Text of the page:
Feline Liver Failure

Liver failure in felines is a very serious condition, commonly used interchangeably with liver disease. The condition can occur on either an acute or chronic basis. Acute cases develop suddenly, while chronic failure develops gradually over a period of time.

Feline Liver Failure

Being a vital organ, the liver is responsible for performing many functions. So, if it stops working correctly, your cat will experience many issues. The organ is responsible for tasks such as removing toxins from blood, secreting bile and enzymes for digestion, converting sugars, and manufacturing certain hormones.


Feline liver failure develops for various reasons, but fatty liver disease is one of the most common reasons why it occurs in cats. This disease results when the body resorts to using fat stores for fuel because the cat isn’t getting the right amount of nutrition. In order to use the fat stores, they must first be broken down by the liver. Unfortunately, the liver may not be able to handle the workload, resulting in decreased function and disease.

The ingestion of toxins is another reason why cats suffer from liver problems. Cancer cells may also spread to the organ and lead to liver disease in cats. Usually, cats don’t have problems with cancer developing in the liver initially. It typically spreads from elsewhere.


As you just learned, cat liver failure can be caused by various factors. The specific reason why the condition occurs will play a large role in the type of symptoms your cat experiences. Oftentimes, they will be nonspecific, and not indicate exactly what problem your cat is facing.

Some of the initial signs include loss of weight and appetite. Increased thirst and urination are also common. Jaundice, which occurs when the mucous membranes, skin, and eyes turn yellow, will also develop as the disease progresses. Some cats will also have issues with vomiting, depression, lethargy, and even seizures.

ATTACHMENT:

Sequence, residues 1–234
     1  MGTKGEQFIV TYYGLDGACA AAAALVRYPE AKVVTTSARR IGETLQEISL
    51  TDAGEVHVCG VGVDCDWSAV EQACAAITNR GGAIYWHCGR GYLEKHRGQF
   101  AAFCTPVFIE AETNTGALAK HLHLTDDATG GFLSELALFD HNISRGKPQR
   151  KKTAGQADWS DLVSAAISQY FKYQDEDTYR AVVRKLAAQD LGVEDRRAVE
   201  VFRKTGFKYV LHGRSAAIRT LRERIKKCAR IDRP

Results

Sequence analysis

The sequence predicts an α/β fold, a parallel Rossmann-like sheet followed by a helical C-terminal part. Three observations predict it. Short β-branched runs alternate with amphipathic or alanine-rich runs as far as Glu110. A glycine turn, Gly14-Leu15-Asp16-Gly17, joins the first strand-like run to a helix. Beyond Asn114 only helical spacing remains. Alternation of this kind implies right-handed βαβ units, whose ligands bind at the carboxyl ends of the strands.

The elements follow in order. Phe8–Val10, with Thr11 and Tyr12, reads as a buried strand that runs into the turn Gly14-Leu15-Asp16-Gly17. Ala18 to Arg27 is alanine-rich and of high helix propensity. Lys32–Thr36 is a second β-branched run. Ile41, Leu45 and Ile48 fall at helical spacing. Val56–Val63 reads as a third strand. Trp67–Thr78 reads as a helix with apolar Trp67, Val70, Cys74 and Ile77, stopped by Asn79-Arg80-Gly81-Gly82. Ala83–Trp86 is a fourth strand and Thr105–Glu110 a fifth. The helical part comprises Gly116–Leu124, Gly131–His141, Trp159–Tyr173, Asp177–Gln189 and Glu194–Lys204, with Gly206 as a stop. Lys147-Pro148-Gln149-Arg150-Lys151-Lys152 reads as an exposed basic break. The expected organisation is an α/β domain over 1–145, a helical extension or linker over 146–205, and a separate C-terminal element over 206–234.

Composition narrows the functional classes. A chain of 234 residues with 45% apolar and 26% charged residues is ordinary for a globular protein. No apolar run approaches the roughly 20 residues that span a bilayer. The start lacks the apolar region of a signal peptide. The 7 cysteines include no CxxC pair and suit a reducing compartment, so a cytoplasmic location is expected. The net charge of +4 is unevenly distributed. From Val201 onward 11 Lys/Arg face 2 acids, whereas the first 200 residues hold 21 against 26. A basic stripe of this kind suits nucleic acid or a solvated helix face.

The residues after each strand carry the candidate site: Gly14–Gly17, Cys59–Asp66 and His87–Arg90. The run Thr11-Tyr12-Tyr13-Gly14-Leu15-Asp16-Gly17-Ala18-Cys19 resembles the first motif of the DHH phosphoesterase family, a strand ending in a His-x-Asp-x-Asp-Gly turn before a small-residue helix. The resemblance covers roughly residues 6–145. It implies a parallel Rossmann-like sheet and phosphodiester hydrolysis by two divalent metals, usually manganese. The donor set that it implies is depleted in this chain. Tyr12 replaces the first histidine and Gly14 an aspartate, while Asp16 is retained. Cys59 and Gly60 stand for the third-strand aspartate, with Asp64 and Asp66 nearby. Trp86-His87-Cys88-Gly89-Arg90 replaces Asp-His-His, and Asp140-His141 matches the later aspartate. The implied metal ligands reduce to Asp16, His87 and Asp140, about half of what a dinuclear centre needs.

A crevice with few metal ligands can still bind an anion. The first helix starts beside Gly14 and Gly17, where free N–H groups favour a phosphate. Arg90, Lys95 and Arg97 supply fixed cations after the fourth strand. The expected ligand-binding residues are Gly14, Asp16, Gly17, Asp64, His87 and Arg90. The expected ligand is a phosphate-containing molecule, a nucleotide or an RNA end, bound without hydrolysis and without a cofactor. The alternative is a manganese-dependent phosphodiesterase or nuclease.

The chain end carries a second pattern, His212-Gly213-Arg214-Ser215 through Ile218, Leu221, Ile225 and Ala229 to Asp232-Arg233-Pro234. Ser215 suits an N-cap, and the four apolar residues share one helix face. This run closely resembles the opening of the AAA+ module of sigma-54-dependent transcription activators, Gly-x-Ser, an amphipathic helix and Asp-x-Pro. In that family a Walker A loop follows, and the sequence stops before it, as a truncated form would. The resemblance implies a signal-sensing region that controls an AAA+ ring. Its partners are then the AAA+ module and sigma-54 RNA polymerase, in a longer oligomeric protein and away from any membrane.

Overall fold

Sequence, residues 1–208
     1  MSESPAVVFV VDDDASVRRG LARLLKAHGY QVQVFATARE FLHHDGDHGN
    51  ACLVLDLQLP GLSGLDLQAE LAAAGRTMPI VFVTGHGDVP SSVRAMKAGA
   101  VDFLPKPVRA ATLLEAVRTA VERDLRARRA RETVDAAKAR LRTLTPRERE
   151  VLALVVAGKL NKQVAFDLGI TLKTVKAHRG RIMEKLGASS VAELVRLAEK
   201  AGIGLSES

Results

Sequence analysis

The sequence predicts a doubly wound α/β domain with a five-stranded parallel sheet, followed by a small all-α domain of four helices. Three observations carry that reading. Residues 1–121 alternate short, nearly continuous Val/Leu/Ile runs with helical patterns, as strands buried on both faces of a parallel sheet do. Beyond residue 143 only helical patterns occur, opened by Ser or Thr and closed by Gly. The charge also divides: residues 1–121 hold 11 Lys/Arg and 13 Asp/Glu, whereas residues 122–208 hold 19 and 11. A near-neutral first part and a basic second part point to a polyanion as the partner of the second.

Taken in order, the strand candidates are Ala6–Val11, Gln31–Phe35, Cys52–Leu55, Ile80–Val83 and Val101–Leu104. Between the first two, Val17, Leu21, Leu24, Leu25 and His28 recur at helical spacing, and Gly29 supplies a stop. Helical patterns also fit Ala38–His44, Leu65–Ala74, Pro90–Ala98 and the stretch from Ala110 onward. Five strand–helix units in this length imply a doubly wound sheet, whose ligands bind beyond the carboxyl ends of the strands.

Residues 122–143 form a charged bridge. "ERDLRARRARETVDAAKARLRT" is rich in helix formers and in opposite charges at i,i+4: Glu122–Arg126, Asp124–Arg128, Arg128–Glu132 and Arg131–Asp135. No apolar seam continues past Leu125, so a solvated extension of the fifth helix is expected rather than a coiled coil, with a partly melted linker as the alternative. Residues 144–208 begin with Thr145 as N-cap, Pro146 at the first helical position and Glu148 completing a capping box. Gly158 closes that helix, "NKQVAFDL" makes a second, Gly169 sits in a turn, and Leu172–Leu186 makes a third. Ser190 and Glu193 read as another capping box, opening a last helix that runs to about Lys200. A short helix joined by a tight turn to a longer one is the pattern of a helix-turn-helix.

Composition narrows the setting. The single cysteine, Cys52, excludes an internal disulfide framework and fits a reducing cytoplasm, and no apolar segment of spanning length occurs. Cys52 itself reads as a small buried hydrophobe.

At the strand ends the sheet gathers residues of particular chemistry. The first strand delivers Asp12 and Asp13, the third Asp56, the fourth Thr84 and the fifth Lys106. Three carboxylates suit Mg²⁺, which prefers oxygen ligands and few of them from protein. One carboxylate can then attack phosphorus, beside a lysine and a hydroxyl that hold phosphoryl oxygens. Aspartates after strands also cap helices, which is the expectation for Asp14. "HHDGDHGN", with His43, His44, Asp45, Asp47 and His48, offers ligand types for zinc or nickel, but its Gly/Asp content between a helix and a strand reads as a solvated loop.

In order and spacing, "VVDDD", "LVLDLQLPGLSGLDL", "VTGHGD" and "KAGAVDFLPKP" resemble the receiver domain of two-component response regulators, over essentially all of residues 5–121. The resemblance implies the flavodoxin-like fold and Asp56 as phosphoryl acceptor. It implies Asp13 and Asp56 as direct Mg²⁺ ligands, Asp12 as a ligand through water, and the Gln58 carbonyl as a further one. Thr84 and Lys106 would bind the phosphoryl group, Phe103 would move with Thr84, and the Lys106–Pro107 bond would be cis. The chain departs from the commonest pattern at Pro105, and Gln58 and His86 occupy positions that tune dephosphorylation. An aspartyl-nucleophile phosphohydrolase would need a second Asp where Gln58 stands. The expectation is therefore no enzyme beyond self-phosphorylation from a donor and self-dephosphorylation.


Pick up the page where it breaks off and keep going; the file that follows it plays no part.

In order to make an accurate diagnosis, the vet will run a battery of tests after the initial physical examination and medical history questionnaire. An analysis of the blood and urine will be quite helpful. A radiograph, ultrasound, and in some cases a biopsy of the liver will also be helpful in determining if your pet is indeed suffering from feline liver failure.

A biopsy, or sample of the liver tissue, will help determine exactly what your cat is dealing with. The x-ray and ultrasound will help the vet determine what physical shape the liver is in, including if it’s enlarged and misshapen.


In the case of fatty liver disease, your cat will need to be provided with nutritional support, likely in the form of a feeding tube. If he is still willing to eat on his own though, stimulants may be provided to encourage him to do so.

Other forms of supportive care will be necessary. To prevent dehydration from setting in because of vomiting or lack of appetite, fluids may be provided intravenously or subcutaneously. Medications to limit vomiting may also be helpful.